One common task in raster processing is to clip raster files based on a Polygon. The following example shows how to clip a large raster based on a bounding box around Helsinki Region.

• Import modules and specify the input and output filepaths

import rasterio
from rasterio.plot import show
from rasterio.plot import show_hist
from shapely.geometry import box
import geopandas as gpd
from fiona.crs import from_epsg

# import pycrs
import os

%matplotlib inline

# Data dir
data_dir = "data"

# Input raster
fp = os.path.join(data_dir, "kilimanjaro.tif")

# Output raster

• Let’s start by opening the raster in read mode and visualizing it (using specific colormap called terrain):

# Read the data
data = rasterio.open(fp)

# Visualize the NIR band
show(data, cmap="terrain")

<AxesSubplot:>

data.shape

(1620, 1800)


Okey, as you can see, we have a huge raster file where we can see the coastlines of Finland and Estonia. What we want to do next is to create a bounding box around Helsinki region and clip the raster based on that.

• Next, we need to create a bounding box for our area of interest with Shapely.

# WGS84 coordinates
minx, miny = 24.60, 60.00
maxx, maxy = 25.22, 60.35
bbox = box(minx, miny, maxx, maxy)

• Create a GeoDataFrame from the bounding box

geo = gpd.GeoDataFrame({"geometry": bbox}, index=[0], crs=from_epsg(4326))
print(geo)

                                            geometry
0  POLYGON ((25.22 60, 25.22 60.35, 24.6 60.35, 2...


As we can see now we have a GeoDataFrame with Polygon inside. To be able to clip the raster with this Polygon, it is required that the data has identical coordinate reference system.

• Re-project into the same coordinate system as the raster data. We can access the crs of the raster using attribute .crs.data:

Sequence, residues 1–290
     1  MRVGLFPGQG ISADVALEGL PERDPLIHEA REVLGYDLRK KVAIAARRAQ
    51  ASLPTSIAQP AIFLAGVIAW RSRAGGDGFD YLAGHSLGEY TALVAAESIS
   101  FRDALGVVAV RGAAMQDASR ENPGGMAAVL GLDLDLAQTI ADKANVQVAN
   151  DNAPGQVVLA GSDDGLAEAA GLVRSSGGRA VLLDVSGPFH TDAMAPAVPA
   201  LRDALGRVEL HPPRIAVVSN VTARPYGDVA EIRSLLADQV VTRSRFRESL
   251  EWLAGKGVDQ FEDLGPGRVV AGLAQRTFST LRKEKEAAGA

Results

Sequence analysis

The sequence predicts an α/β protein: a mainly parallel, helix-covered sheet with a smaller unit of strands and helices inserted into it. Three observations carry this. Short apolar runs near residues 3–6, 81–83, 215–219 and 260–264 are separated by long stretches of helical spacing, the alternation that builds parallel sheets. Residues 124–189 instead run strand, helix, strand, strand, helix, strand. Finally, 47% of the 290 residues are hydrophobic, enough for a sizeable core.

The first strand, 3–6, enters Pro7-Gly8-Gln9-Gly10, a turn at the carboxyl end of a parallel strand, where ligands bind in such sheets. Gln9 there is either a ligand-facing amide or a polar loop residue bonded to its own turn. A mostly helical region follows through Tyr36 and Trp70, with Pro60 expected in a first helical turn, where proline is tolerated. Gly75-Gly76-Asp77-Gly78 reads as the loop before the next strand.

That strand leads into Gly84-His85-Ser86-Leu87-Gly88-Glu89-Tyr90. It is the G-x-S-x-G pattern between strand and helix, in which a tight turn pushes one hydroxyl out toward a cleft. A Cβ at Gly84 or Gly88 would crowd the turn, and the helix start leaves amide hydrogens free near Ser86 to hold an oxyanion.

# Project the Polygon into same CRS as the grid
geo = geo.to_crs(crs=data.crs.data)

# Print crs
geo.crs

{'init': 'epsg:32634'}

• Next we need to get the coordinates of the geometry in such a format that rasterio wants them. This can be conducted easily with following function:

def getFeatures(gdf):
"""Function to parse features from GeoDataFrame in such a manner that rasterio wants them"""
import json


• Get the geometry coordinates by using the function.

coords = getFeatures(geo)
print(coords)

[{'type': 'Polygon', 'coordinates': [[[735275.3533476053, 6658919.843253607], [732783.55612074, 6697846.086795722], [698608.1329965619, 6695816.080575278], [700733.5832412266, 6656875.248540204], [735275.3533476053, 6658919.843253607]]]}]


Okay, as we can see rasterio wants to have the coordinates of the Polygon in GeoJSON format.

• Now we are ready to clip the raster with the polygon using the coords variable that we just created. Clipping the raster can be done easily with the mask function that we imported in the beginning from rasterio, and specifying clip=True.

# Clip the raster with Polygon
out_img, out_transform = mask(dataset=data, shapes=coords, crop=True)

• Next, we need to modify the metadata. Let’s start by copying the metadata from the original data file.

# Copy the metadata
out_meta = data.meta.copy()
print(out_meta)

{'driver': 'GTiff', 'dtype': 'uint8', 'nodata': None, 'width': 8877, 'height': 8106, 'count': 7, 'crs': CRS({'init': 'epsg:32634'}), 'transform': Affine(28.5, 0.0, 600466.5,
0.0, -28.5, 6784966.5)}

• Next we need to parse the EPSG value from the CRS so that we can create a Proj4 -string using PyCRS library (to ensure that the projection information is saved correctly).

# Parse EPSG code
epsg_code = int(data.crs.data["init"][5:])
print(epsg_code)

32634

• Now we need to update the metadata with new dimensions, transform (affine) and CRS (as Proj4 text):

out_meta.update(
{
"driver": "GTiff",
"height": out_img.shape[1],
"width": out_img.shape[2],
"transform": out_transform,
"crs": pycrs.parser.from_epsg_code(epsg_code).to_proj4(),
}
)

• Finally, we can save the clipped raster to disk with following command:

with rasterio.open(out_tif, "w", **out_meta) as dest:
dest.write(out_img)

• Let’s still check that the result is correct by plotting our new clipped raster.

# Open the clipped raster file
clipped = rasterio.open(out_tif)

# Visualize
show((clipped, 5), cmap="terrain")

<matplotlib.axes._subplots.AxesSubplot at 0x19980263fd0>


Great, it worked! This is how you can easily clip (mask) raster files with rasterio.